Last year’s reading goal (50 books) was a bit of a wash. I set it lower than the year before and fell short but it was mainly due to the large amount of writing I did, so I don’t feel too badly about that. However, when I reviewed the books I read I was dismayed. I definitely enjoyed them but they were overwhelmingly homogeneous: cishet white women writing about cishet white folks. And I was actively reading more widely.
Dammit, Publishing. we gotta talk but I don’t have time today…
So inspired by Book Riot’s Read Harder Challenge, Kelly Jensen’s Stacked post,“Intentional Reading”, and author Justina Ireland’s Twitter call-to-action #laydeezfirst, my 2016 reads will primarily be stories authored by women of color featuring characters of color and a whole lotta intersectionality. (subscribers click through to the post to view video)
Inevitably, some may want to know why I’m doing this. My instinct is to answer, “Because I’m grown and I read what I want” but here’s why:
I want to support women of color, elevate our voices, share our stories, and learn from them.
I want to promote women-centered spaces where the creativity of women of color is celebrated, nurtured, and embraced (and as an aside, men–or their “allies”–who force their way into those spaces and/or insist they be gender neutral are on some misogynistic, patriarchal fuckshit).
Stories featuring the same old same old are dull as dishwater. People have layers and levels beyond Sassy Black Best Friend and Sad Gay Sidekick and I want to see that on the page.
There will inevitably be exceptions for various reasons (see: I’m grown) but basically dassit. Happy reading, y’all!
Until you realize it’s the not-so-rags-to-even-richer tale of a White Dude who decided to leave the ad world and dive into young adult writing (because how hard could that be really) and while he’s at it, completely transform how girl characters are written because so far nobody has been able to get it right.
And what had international auction houses and movie studios creaming themselves? Had to be something mindblowing that would shock the industry to get this kind of attention, right? Nope. A story with literally thin characterization–fat girl sheds pounds and gains badassery–and the plot points of a zillion different “troubled White Girl” espionage thrillers before it.
Eh. That’s the gist. But I encourage you to read it and draw your own conclusions.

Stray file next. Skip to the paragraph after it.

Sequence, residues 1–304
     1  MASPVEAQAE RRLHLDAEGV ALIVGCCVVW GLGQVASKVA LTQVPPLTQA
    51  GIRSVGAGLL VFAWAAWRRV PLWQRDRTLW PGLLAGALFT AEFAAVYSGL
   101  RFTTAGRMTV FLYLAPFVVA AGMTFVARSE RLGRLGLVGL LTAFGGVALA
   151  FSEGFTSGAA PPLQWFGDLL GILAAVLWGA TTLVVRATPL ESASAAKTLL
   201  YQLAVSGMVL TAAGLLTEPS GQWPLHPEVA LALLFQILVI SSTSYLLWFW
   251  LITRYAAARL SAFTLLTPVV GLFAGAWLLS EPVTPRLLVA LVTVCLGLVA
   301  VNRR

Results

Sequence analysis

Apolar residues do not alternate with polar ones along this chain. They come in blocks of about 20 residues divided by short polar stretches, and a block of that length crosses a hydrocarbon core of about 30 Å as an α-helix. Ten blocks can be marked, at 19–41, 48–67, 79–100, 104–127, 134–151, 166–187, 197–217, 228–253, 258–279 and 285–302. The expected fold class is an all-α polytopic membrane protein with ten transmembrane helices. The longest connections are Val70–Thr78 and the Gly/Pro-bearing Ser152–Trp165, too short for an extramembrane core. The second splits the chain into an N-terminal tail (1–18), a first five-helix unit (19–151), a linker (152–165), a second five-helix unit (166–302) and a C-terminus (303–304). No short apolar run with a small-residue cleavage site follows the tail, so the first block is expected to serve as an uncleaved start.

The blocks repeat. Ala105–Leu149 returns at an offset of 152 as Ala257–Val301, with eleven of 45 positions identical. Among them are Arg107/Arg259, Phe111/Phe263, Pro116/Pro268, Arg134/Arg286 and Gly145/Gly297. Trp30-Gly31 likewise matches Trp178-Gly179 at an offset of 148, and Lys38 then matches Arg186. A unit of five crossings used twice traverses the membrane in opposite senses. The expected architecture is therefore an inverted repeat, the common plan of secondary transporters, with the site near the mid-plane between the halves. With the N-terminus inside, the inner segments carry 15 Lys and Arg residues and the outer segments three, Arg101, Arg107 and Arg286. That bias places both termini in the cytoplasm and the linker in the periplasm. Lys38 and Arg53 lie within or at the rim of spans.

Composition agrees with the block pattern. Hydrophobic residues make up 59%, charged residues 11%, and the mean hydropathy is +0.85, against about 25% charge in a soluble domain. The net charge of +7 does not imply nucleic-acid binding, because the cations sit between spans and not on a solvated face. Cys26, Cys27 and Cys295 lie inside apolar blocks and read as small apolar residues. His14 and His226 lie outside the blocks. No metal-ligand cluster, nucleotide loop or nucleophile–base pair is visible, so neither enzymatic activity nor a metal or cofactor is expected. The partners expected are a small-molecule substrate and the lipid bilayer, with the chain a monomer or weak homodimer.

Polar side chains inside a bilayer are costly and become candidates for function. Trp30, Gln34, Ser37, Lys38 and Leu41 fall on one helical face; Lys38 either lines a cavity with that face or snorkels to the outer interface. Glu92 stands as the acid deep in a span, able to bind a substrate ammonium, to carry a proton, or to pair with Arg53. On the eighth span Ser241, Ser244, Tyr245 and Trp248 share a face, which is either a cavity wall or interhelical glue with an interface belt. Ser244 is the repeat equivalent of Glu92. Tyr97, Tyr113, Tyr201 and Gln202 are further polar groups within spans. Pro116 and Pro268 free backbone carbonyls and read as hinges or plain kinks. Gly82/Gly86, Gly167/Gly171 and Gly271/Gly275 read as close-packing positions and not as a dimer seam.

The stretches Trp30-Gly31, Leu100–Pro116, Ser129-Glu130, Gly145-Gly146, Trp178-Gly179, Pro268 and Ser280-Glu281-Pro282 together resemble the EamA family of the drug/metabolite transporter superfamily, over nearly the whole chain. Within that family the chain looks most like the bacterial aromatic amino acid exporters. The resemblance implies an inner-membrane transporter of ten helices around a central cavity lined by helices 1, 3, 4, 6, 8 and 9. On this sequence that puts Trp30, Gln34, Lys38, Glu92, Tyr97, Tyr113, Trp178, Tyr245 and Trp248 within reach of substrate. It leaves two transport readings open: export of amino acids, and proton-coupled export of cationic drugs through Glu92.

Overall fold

So Writer Twitter did its thing with an assist from Book and Reader Twitter and formed a GTFOH Voltron that rightfully excoriated this bullshit down to the bone. Hence #MorallyComplicatedYA was born (shout out to @PunkinOnWheels for its creation). There’s some really fantastic stuff there strongly refuting the aforementioned soon-to-be YA’s Next Big Thing’s asinine assertion that his book fulfills the genre’s dearth of morally complex and ambiguous material and strong, girl characters.
And while this latest round of bile-inducing praise being heaped upon yet another White Male YA Savior is worthy of the epic dragging it’s receiving, somewhere around the third or fourth tongue-in-cheek joke lobbed to the TL, shit stopped being funny. At least for me.Because what I wasn’t seeing in the conversations was any discussion of the big, old white elephant in the room.
So I started talking. First about the sexism, one of my intersections. And while I got a ton of faves and RTs for comments about the patriarchy,
What White Men say as they walk through doors women opened & get paid more than women on deals brokered by women. https://t.co/O2Hon9upvf
when it came down to another intersection, my blackness, and asking White women to examine how devastating their privilege is, particularly in the women-dominated publishing industry, it was basically *crickets*.
Y'all white folks going in on entitled White Dudes™ is funny af but they're not all repping & pubbing themselves… pic.twitter.com/mr4YOI7Qun
And I didn’t even really dig into what representation looks like for the various other intersections that I embody or for the multitudes of multi-faceted, supremely talented writers of color who are routinely turned away from publishing’s gates. There’s countless studies out there that provide hard data but I can tell you from lived experience as a lifelong reader and writer that it’s shitty. And it’s getting worse, even as awareness increases.
So while it’s extremely important to lift our voices and let publishing know we’re sick to death of being told the women who consistently write amazing books and create complex, multi-layered, characters don’t mean shit compared to the latest Mediocre White Dude, here’s what everyone keeps glossing over: nearly everyone involved in making publishing decisions is a white woman.
Let me say that again for those in the back:
NEARLY EVERYONE INVOLVED IN MAKING PUBLISHING DECISIONS IS A WHITE WOMAN
The same folks on my TL who shame women Tea Partiers and Republicans for voting against their own interests and the interests of other women don’t even blink at these White women in publishing and affiliated industries who elevate White men above all else. These White women rail against patriarchy while offering their backs for it to stand on. At the same time, they engage their own White privilege by overwhelmingly supporting white narratives. They consistently rep, edit, publish, promote, rec, and review White all the time. They literally cannot see anything else therefore nothing else is seen.
The White Dudes™ get a lot of attention in YA because 1) they're rarer and 2) Patriarchy. But tbh White women can cause much more harm.
It’s really quite simple. Privilege is the problem here, even more so than patriarchy. Once the women who actually run publishing industry get sick of this shit, take a hard look at their privilege, dismantle this system for real, and address its issues of diversity at the human resources level rather than just on the surface, then we might actually get somewhere.